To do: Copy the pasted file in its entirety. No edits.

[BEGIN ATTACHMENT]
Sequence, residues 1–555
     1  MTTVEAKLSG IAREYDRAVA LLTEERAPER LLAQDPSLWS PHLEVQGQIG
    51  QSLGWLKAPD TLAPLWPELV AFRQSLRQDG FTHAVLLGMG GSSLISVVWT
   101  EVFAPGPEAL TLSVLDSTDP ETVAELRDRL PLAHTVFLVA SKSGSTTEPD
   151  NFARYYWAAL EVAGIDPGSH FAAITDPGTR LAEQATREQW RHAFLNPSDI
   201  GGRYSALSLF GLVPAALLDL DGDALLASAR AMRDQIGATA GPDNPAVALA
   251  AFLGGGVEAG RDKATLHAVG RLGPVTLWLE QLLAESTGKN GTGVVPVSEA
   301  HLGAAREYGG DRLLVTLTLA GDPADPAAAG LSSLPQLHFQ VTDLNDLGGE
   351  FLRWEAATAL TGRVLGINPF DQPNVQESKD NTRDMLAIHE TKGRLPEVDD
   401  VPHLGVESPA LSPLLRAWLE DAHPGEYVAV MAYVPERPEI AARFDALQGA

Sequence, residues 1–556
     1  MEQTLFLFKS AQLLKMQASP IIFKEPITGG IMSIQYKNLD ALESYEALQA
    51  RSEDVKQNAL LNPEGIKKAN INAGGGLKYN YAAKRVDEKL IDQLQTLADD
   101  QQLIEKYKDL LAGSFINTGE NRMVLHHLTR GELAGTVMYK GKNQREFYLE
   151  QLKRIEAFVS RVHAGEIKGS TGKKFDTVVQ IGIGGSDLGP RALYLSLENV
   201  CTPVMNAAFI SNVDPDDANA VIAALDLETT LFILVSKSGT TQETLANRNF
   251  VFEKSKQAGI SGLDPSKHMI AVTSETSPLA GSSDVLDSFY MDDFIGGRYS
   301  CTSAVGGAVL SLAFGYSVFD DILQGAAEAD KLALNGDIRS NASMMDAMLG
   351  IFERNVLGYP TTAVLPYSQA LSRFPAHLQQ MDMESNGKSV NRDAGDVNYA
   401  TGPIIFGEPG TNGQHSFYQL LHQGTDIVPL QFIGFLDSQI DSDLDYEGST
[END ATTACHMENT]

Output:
Sequence, residues 1–555
     1  MTTVEAKLSG IAREYDRAVA LLTEERAPER LLAQDPSLWS PHLEVQGQIG
    51  QSLGWLKAPD TLAPLWPELV AFRQSLRQDG FTHAVLLGMG GSSLISVVWT
   101  EVFAPGPEAL TLSVLDSTDP ETVAELRDRL PLAHTVFLVA SKSGSTTEPD
   151  NFARYYWAAL EVAGIDPGSH FAAITDPGTR LAEQATREQW RHAFLNPSDI
   201  GGRYSALSLF GLVPAALLDL DGDALLASAR AMRDQIGATA GPDNPAVALA
   251  AFLGGGVEAG RDKATLHAVG RLGPVTLWLE QLLAESTGKN GTGVVPVSEA
   301  HLGAAREYGG DRLLVTLTLA GDPADPAAAG LSSLPQLHFQ VTDLNDLGGE
   351  FLRWEAATAL TGRVLGINPF DQPNVQESKD NTRDMLAIHE TKGRLPEVDD
   401  VPHLGVESPA LSPLLRAWLE DAHPGEYVAV MAYVPERPEI AARFDALQGA

Sequence, residues 1–556
     1  MEQTLFLFKS AQLLKMQASP IIFKEPITGG IMSIQYKNLD ALESYEALQA
    51  RSEDVKQNAL LNPEGIKKAN INAGGGLKYN YAAKRVDEKL IDQLQTLADD
   101  QQLIEKYKDL LAGSFINTGE NRMVLHHLTR GELAGTVMYK GKNQREFYLE
   151  QLKRIEAFVS RVHAGEIKGS TGKKFDTVVQ IGIGGSDLGP RALYLSLENV
   201  CTPVMNAAFI SNVDPDDANA VIAALDLETT LFILVSKSGT TQETLANRNF
   251  VFEKSKQAGI SGLDPSKHMI AVTSETSPLA GSSDVLDSFY MDDFIGGRYS
   301  CTSAVGGAVL SLAFGYSVFD DILQGAAEAD KLALNGDIRS NASMMDAMLG
   351  IFERNVLGYP TTAVLPYSQA LSRFPAHLQQ MDMESNGKSV NRDAGDVNYA
   401  TGPIIFGEPG TNGQHSFYQL LHQGTDIVPL QFIGFLDSQI DSDLDYEGST